The left virtual stick controls throttle and rotation, makes the drone rise when you pull up and rotate it when the stick is moved left and right. The right virtual stick controls forward/back and left/right movement. Around these are trim controls that can offset the center point of the sticks if the drone is unbalanced.
The original remote control of the Vidius is a also a small device, around double the size of the Vidius itself. It easily fits into palm. There are limited controls and switches on the remote unit: two control sticks, a power switch and two trim switches for resetting the center point of the sticks. You can’t view the video feed from the controller. It is powered by two AAA batteries that sits under a panel on the rear of the controller.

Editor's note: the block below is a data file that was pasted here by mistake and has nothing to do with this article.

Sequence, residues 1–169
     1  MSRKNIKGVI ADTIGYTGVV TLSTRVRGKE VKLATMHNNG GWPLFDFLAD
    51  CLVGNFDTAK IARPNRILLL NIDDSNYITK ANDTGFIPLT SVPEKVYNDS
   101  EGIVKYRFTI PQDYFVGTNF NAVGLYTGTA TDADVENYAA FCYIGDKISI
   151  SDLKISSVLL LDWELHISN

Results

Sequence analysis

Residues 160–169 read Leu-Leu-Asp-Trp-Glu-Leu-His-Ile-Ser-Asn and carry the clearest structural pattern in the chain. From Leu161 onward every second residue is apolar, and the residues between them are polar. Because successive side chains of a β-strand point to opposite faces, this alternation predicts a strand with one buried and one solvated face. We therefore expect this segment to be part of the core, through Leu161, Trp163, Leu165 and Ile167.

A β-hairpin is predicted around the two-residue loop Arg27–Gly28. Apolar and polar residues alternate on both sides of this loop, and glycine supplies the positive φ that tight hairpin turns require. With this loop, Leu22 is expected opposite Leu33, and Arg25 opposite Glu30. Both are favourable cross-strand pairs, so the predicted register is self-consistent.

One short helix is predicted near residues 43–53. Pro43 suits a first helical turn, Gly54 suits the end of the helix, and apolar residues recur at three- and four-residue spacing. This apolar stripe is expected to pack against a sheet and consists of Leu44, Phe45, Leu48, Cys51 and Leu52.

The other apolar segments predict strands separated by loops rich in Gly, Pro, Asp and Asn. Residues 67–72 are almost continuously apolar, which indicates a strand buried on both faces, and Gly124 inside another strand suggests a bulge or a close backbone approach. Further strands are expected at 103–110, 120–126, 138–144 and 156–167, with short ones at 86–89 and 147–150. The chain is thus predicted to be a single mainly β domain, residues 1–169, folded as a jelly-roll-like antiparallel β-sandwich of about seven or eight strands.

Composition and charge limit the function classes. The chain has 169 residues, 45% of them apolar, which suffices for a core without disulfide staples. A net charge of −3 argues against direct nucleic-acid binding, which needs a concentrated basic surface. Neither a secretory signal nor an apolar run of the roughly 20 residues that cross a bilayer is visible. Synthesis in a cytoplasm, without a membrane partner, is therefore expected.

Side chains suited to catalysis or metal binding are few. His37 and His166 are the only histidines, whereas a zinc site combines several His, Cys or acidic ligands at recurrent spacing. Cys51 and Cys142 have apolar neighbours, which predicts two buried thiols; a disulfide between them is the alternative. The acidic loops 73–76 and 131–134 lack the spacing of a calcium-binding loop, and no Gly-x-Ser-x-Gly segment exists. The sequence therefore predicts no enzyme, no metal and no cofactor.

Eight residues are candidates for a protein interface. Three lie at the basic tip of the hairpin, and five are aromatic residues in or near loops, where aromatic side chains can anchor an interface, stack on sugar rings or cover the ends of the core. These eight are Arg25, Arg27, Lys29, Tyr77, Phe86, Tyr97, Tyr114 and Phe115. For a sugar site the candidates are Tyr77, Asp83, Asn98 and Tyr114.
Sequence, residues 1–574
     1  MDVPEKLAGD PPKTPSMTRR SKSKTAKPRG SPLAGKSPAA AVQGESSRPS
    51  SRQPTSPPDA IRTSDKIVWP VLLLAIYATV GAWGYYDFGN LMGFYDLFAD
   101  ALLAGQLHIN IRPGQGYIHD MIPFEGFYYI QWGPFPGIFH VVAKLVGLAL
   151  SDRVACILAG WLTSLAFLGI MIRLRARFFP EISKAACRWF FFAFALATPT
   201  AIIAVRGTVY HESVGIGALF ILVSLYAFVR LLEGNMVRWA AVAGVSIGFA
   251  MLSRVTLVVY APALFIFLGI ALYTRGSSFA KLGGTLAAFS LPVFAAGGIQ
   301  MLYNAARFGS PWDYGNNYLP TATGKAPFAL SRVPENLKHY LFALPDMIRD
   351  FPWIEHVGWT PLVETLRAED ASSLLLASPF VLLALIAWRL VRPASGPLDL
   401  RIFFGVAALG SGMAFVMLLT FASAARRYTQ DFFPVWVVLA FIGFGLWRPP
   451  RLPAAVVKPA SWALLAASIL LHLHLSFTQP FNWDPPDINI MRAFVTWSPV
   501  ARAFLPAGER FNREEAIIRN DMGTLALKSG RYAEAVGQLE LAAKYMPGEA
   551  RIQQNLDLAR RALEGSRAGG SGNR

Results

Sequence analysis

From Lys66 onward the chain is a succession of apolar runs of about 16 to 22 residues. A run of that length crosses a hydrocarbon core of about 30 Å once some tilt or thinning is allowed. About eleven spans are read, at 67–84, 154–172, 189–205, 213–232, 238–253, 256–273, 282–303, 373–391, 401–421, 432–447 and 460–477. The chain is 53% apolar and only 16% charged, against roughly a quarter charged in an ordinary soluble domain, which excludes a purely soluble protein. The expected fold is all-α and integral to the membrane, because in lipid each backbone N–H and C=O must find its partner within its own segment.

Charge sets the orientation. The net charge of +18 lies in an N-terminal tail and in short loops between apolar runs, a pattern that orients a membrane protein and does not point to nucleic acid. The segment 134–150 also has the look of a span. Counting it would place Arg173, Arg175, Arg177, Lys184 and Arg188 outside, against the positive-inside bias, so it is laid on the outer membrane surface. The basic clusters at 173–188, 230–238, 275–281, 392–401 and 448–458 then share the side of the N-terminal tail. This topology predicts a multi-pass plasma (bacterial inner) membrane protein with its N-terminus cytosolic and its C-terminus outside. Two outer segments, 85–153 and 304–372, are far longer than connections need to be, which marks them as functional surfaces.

While flying the Vidius, either through the controller or the app, it connects to the drone over a 2.4-GHz Wi-Fi connection, over a distance of about 25 to 35 feet. That’s quite good for a small drone like this.
Like other small drones, the Vidius is a little difficult to fly. The user loses control of it really easily because of its light weight. It does have a built-in gyroscope that helps to keep the Vidius at level, but still the Vidius’ small size and light weight make it very easy for tilting or flipping out of control. Its flyable but requires some practice.
There are three flight modes, both in remote and in app. The 30 Percent mode is for beginners, restricting the Vidius to slow turns. The 60 Percent and 100 Percent modes take the training wheels off, allowing the drone to climb and turn much faster.
Flying requires a light touch because even a slight movement of either the real or virtual control sticks can send it spinning away
One unique thing in the Vidius is the gyroscopic mode which after being activated, can control the drone by moving your phone or tablet in any direction you want the drone to fly. It requires practice before trying.